* Are there any other conditions, apart from that of juridical excellence, that should be present in the jurist we should follow?
- He should be a man, adult, sane, believer, just, living not dead, of pure pedigree, and should not be prone to mistakes, forgetfulness, and inattention.
* Well. Here I am, a fully-fledged man. I now know something about taqleed. What else should I do?
- You should follow the most erudite among the jurists of your time. Act upon his fatwa in the different spheres of your life. They could be rulings relating to acts of worship, such as wudhu, ghusl, salah, sawm, hajj, khums, zakat and so on. You should also act upon his legal opinion in matters concerning transactions, such as buying and selling, marriage, banking, will, waqf, etc.
I joined my father in numerating many other examples:
* Enjoining good and forbidding evil, belief in Allah, His apostles and messengers and ..
- No, belief in God and His unity, the prophethood of our Prophet Mohammad (s.a.w), the imamate of the twelve Imams, and resurrection are matters outside the remit of taqleed. They are of the fundamentals of religion. A Muslim has to believe in them unequivocally, leading up to belief in Allah, using one’s own effort and what intellectual power Allah has instilled in you to reach personal satisfaction and certainty in the matter.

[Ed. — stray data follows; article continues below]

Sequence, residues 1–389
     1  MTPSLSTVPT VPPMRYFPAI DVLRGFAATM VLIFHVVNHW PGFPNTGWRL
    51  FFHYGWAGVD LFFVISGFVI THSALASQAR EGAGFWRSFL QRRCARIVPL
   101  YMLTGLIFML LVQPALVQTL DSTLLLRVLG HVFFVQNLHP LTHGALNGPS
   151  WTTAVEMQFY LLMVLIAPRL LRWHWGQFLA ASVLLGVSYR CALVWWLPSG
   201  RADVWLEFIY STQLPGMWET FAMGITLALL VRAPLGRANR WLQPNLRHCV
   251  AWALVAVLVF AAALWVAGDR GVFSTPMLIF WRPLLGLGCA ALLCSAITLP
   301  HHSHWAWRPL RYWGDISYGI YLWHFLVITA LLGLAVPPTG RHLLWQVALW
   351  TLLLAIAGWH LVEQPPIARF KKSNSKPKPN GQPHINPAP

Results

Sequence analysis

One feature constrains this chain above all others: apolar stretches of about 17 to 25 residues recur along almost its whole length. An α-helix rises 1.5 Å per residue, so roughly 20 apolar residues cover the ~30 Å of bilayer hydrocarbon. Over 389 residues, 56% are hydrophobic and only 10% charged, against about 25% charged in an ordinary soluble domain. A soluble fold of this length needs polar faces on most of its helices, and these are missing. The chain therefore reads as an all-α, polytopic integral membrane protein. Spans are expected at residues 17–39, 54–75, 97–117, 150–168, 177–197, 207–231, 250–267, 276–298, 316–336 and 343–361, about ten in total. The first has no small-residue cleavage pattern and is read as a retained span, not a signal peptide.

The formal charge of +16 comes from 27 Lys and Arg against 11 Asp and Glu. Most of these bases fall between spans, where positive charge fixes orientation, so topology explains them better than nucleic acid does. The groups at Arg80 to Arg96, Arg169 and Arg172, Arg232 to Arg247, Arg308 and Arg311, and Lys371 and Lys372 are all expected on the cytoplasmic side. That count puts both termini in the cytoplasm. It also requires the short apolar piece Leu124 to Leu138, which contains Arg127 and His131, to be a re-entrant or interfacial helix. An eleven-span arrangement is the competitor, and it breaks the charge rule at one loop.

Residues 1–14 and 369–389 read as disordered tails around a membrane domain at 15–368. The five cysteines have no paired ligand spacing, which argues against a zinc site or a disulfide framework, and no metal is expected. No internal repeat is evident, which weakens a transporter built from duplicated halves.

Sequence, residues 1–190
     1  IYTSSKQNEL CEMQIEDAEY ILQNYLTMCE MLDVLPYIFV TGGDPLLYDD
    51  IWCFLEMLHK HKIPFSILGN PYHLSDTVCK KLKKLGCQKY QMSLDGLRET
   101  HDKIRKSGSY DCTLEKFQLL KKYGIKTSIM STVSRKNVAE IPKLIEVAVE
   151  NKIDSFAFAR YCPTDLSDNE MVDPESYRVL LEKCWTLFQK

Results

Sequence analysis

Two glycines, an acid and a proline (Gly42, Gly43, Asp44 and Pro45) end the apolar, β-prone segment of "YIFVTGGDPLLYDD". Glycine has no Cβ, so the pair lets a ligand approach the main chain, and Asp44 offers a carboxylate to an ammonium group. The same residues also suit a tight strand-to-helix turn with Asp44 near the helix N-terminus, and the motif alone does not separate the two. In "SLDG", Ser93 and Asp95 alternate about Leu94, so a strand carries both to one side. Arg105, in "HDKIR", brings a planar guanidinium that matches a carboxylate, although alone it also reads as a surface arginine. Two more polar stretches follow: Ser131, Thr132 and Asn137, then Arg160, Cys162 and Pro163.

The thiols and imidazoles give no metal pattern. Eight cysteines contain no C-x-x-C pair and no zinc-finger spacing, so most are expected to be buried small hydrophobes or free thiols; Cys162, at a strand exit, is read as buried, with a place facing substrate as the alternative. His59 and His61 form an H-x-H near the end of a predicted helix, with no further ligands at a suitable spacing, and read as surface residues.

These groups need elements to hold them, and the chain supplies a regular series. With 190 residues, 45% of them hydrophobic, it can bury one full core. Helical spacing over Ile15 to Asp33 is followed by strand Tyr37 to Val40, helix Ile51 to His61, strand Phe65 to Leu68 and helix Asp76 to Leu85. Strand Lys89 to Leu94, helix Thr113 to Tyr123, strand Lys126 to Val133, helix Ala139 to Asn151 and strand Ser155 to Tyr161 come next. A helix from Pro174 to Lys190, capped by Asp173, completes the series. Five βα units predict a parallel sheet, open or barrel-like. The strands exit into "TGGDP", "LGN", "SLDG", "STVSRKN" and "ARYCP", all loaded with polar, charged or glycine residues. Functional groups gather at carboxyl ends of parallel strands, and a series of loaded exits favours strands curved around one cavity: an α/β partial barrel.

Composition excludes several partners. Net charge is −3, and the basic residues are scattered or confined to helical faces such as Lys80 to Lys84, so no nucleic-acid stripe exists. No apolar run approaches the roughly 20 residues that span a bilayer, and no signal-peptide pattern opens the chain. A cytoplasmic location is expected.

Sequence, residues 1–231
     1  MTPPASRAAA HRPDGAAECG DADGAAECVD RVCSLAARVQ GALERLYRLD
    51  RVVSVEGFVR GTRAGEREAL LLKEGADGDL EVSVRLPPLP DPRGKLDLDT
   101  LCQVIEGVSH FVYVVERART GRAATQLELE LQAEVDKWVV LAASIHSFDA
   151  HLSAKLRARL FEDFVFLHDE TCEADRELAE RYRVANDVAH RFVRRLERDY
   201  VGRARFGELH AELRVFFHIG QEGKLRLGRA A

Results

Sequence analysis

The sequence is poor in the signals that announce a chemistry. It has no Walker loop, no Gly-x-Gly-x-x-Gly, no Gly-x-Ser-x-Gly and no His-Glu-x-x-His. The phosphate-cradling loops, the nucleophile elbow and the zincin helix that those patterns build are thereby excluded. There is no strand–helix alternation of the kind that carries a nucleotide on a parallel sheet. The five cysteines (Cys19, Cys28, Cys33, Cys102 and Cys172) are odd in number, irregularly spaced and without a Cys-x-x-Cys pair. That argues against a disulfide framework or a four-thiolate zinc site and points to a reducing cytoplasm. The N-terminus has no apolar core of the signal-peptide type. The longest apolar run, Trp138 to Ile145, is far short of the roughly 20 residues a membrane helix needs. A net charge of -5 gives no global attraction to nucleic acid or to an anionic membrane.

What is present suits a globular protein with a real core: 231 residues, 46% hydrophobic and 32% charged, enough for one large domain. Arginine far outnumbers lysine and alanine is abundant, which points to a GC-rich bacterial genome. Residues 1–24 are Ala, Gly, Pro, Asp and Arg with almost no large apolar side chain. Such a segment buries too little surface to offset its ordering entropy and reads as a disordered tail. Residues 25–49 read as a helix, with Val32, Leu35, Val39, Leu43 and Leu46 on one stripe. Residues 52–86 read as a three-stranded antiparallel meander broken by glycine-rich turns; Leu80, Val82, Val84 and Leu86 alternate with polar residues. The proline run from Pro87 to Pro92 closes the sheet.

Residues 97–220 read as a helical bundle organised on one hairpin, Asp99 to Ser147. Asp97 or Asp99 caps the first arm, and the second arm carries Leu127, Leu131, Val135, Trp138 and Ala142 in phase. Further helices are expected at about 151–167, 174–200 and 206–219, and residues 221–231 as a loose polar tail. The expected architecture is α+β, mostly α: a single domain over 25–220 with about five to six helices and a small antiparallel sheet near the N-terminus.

* Well. Do I have the right to follow a jurist who is less knowledgeable?
- You can, provided that you know of no difference in the fatwa of the jurist you follow and the most knowledgeable one in the questions you need to act upon.
* Suppose I chose to follow the most erudite among the jurists and it happened that he had no fatwa on certain matters concerning me, or he had a fatwa, but I was not aware of it, what should I do?
- You rely on the fatwa of the next most knowledgeable.
* What, if the rest were all of the same calibre insofar as juristic knowledge is concerned?
- You may consult the one who is more cautious than the others in passing judgement.
* Should they all be of the same degree of godliness and caution, what should I do?
- You may act upon the fatwa of any one of them, except in certain situations, where you should act according to ihtiyat (Precaution - a level of legal judgement) that I can’t explain to you right now.